Doorknobs, light switches, shopping carts. Fear runs rampant nowadays when it comes to touching common surfaces because of the rapid spread of the coronavirus. A Virginia Tech professor has found a solution.

Since mid-March, William Ducker, a chemical engineering professor, has developed a surface coating that when painted on common objects, inactivates SARS-CoV-2, the virus that causes COVID-19.

“The idea is when the droplets land on a solid object, the virus within the droplets will be inactivated,” Ducker says.

Since mid-April, Ducker has been working with Leo Poon, a professor and researcher at the University of Hong Kong’s School of Public Health, to test the film’s success at inactivating the virus. Their research was published July 13 in the journal ACS Applied Materials & Interfaces.

The results of the tests have been outstanding, Ducker says. When the coating is painted on glass or stainless steel, the amount of virus is reduced by 99.9 percent in one hour, compared to the uncoated sample.

“One hour is the shortest period that we have tested so far, and tests at shorter periods are ongoing,” Ducker says.

His expectation is that his team can inactivate the virus in minutes. Results have shown that the coating is robust. It does not peel off after being slashed with a razor blade. It also retains its ability to inactivate the virus after multiple rounds of being exposed to the SARS-CoV-2 virus and then disinfection or after being submerged in water for a week, based on the tests.

If the project’s success continues, it is a significant discovery in fighting the virus’ spread.

“Everybody is worried about touching objects that may have the coronavirus,” says Ducker, who recalled that his wife, in March, questioned whether she should sit on a park bench during the pandemic. “It would help people to relax a little bit.”

Already, Ducker’s research was focused on making films that kill bacteria. As the COVID-19 virus began to spread to the United States a few months ago, Ducker asked himself “Why not make a coating that can eradicate a virus, rather than bacteria?”

“We have to use our chemical knowledge and experience of other viruses to guess what would kill it [SARS-CoV-2],” Ducker says.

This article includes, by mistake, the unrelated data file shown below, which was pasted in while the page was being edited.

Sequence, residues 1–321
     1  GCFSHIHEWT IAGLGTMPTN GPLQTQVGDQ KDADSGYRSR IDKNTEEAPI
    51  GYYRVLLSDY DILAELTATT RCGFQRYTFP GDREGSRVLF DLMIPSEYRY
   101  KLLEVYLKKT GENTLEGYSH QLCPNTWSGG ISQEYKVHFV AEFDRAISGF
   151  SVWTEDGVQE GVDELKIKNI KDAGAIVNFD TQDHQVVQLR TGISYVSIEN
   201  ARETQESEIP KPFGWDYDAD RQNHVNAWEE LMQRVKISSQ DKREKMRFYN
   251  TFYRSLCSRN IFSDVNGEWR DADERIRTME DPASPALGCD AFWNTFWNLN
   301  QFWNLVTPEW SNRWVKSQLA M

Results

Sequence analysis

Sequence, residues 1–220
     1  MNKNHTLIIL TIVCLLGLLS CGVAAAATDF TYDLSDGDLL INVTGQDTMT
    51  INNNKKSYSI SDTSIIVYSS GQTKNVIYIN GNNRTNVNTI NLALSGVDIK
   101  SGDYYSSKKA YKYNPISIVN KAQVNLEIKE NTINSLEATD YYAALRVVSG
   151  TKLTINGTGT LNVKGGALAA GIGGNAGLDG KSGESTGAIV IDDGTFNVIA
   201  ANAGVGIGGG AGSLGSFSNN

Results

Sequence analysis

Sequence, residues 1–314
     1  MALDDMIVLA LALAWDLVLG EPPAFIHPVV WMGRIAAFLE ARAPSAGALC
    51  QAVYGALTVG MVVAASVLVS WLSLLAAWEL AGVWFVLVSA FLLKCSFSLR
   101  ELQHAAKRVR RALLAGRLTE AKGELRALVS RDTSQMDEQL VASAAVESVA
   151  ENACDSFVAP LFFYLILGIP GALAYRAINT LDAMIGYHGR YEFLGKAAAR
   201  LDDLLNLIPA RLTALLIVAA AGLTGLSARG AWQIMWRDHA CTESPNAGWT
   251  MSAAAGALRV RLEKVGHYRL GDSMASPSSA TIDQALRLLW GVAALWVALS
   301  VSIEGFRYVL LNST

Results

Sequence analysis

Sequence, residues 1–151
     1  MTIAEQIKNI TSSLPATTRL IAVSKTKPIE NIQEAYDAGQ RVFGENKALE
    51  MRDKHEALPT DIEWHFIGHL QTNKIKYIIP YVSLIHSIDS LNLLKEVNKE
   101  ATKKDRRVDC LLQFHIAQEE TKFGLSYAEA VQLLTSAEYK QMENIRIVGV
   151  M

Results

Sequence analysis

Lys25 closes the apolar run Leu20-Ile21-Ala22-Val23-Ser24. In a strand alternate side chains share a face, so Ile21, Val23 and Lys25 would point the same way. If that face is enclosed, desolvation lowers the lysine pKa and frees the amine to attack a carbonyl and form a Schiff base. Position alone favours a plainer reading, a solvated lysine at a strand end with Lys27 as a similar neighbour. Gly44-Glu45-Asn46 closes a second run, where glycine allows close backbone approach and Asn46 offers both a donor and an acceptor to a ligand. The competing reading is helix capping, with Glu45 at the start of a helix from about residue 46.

Virginia Tech granted essential personnel status to Ducker, his two PhD chemical engineering graduate students — Saeed Behzadinasab and Mohsen Hosseini — and Xu Feng from the university’s Department of Chemistry so that they could enter campus labs to make the film and test its properties.

When painted on common objects, the surface coating inactivates SARS-CoV-2, the virus that causes COVID-19. (Credit: ACS Appl. Mater. Interfaces 2020, 12, 31, 34723-34727)

“It was an interesting experience,” Ducker says. “Almost the entire campus was shut down, and we were like ghosts wandering the empty halls of Goodwin Hall. But it was very exciting to have such a clear goal. I know that it was a difficult time for many people who were bored, unhappy, or scared. We were just focused on making a coating.”

Next, he needed to find someone who could test the coating’s effectiveness. Through an internet search, Ducker found Poon, who is known for his work studying SARs-CoV-1, which was the virus that caused the SARS outbreak in 2003 and 2004. Poon has been active in the fight against SARS-CoV-2.

For Poon’s tests, Ducker and the graduate students spread three different kinds of coatings on glass and stainless steel. Then, they shipped the samples to Poon.

Now, Ducker says he hopes to attract funding in order to mass produce the film.

To be sure, the film doesn’t replace other safety measures that people should take to stop the spread of the coronavirus, such as hand washing, physical distancing, and wearing a mask.

Even so, “people won’t have to worry as much about touching objects,” Ducker says. “It will be both practical and reducing fear.”

This article was written by Jenny Kincaid Boone, Virginia Tech. For more information, visit